D. G. Lillie with glass sponges.

Denis Gascoigne Lillie[a] (27 August 1884 – 13 May 1963) was a British biologist who participated in the Terra Nova Expedition (1910–1913) to the Antarctic. He collected numerous marine animals as well as plants and fossils–many of which were new to science–and published scientific papers on whales, fossils, and medicine. He received the Polar Medal along with other Terra Nova members in 1913. He was also a noted caricaturist who made cartoons of professors, colleagues, and friends: some of his caricatures are collected in the National Portrait Gallery. He worked as a government bacteriologist during World War I and then suffered a severe mental breakdown, spending three years at Bethlem Royal Hospital and never fully recovering. He is commemorated in the names of several marine organisms as well as Lillie Glacier in Antarctica.

Early life and educationEdit

Lillie was born 27 August 1884 in Kensington to a family from New Zealand.[1][2] His grandfather John Lillie (1806–1866) was a noted Presbyterian minister in Tasmania who relocated to Christchurch.[3][4] Lillie attended United Services College in Devon[5] and was educated at the University of Birmingham before entering St John's College, Cambridge, in 1906. where earned his B.A. in 1909.[2] Biologist G. E. Fogg describes his performance in Cambridge's Natural Sciences Tripos as "not too good", earning second class in Part I, third class in Part II, and his M.A. later in 1914.[2]:36 Between 1907 and 1908 he studied fossil plants of the Bristol Coalfield collected by Herbert Bolton,[6] describing a new species of Sphenopteris.[7][b] He spent the summer of 1909 studying whales at a whaling station in Ireland's Inishkea Islands.[9][10]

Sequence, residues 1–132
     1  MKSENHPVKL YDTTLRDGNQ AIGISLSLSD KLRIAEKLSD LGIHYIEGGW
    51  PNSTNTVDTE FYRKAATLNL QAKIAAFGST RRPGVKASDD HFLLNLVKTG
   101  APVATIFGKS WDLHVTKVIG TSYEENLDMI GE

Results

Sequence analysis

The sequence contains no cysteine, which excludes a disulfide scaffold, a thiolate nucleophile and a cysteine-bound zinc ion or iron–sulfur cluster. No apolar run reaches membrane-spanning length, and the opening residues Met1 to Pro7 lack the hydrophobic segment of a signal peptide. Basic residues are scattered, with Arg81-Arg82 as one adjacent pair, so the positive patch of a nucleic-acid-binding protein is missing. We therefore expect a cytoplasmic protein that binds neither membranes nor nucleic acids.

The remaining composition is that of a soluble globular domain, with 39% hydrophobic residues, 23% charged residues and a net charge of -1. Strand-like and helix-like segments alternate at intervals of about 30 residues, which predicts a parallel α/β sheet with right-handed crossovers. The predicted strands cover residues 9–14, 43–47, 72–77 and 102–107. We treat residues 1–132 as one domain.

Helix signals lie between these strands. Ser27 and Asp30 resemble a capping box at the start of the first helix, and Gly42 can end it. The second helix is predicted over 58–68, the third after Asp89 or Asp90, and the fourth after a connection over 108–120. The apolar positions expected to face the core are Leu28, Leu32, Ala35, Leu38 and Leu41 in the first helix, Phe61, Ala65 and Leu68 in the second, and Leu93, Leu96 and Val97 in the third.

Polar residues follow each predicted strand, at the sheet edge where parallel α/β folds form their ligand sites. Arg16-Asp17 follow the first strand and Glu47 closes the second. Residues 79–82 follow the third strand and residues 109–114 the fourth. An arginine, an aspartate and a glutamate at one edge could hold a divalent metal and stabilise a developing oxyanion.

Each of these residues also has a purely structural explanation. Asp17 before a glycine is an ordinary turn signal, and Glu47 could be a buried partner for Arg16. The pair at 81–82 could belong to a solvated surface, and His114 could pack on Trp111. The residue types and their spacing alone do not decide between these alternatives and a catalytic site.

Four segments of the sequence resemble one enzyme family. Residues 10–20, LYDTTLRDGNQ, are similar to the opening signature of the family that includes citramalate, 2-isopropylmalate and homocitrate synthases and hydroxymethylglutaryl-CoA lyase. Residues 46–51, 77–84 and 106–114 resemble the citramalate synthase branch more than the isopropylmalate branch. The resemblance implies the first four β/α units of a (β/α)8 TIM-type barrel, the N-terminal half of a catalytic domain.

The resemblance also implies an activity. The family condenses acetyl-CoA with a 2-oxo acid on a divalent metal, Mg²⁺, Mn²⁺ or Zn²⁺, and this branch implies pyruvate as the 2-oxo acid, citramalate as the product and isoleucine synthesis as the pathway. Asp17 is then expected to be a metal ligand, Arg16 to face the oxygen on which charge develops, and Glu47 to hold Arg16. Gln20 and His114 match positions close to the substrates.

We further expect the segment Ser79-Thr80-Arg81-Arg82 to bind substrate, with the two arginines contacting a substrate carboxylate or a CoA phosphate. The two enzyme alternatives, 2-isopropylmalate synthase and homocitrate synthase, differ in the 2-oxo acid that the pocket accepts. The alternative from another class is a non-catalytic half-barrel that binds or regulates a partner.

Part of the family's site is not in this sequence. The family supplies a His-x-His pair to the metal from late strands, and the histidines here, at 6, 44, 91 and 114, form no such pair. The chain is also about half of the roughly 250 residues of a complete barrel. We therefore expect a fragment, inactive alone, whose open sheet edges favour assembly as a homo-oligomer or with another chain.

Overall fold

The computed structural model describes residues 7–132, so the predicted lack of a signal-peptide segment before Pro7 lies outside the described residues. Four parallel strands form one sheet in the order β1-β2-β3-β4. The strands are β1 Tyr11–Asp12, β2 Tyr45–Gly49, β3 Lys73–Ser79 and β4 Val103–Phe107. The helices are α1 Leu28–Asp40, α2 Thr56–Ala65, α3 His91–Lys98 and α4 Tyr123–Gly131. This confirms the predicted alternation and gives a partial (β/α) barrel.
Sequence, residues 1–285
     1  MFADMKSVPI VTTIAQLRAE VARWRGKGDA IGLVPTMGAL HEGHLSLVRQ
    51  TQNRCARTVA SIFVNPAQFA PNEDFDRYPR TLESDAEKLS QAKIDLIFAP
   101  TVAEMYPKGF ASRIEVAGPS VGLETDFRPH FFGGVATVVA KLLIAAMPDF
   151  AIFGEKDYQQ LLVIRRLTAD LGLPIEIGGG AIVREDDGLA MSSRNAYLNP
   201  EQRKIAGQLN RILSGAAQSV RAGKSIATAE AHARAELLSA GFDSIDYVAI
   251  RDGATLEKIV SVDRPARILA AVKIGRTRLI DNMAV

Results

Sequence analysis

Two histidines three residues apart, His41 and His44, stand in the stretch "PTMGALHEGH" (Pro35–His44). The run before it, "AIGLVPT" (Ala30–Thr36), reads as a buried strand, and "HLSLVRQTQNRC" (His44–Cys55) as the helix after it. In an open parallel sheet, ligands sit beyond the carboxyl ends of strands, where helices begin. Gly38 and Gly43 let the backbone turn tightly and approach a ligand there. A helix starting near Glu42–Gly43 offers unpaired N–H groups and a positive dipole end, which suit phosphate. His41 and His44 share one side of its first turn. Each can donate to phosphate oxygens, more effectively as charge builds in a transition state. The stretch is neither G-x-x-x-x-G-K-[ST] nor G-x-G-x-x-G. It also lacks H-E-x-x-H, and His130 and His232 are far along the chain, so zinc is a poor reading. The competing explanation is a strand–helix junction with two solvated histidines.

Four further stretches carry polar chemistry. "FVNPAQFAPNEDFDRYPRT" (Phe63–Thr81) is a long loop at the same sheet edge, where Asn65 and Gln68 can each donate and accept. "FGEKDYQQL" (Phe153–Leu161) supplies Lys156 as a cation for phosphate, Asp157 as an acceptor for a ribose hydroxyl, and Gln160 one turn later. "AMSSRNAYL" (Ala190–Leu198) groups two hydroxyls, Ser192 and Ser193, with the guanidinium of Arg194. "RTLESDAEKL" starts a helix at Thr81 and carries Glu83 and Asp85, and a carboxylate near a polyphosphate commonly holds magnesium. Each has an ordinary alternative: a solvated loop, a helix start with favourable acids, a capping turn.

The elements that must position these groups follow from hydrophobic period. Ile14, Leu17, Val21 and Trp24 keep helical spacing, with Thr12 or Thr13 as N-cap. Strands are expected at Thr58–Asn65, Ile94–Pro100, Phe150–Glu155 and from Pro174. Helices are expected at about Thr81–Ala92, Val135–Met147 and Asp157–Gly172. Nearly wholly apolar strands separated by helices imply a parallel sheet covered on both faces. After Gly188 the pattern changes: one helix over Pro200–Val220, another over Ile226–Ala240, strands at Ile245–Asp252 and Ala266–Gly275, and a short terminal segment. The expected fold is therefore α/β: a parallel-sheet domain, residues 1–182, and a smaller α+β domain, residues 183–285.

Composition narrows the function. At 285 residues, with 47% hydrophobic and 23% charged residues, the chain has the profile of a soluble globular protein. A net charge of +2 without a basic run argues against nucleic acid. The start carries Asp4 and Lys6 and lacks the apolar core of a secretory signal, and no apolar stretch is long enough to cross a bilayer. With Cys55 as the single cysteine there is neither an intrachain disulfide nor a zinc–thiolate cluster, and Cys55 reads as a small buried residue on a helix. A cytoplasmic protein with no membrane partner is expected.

At Cambridge, Lillie gained a reputation for caricatures of faculty members, including the geneticist William Bateson and the botanists Frederick Blackman and Arthur George Tansley. These drawings caught the attention of Arthur Shipley, who collected some of them which were eventually deposited into the National Portrait Gallery in London.[2]

Terra Nova ExpeditionEdit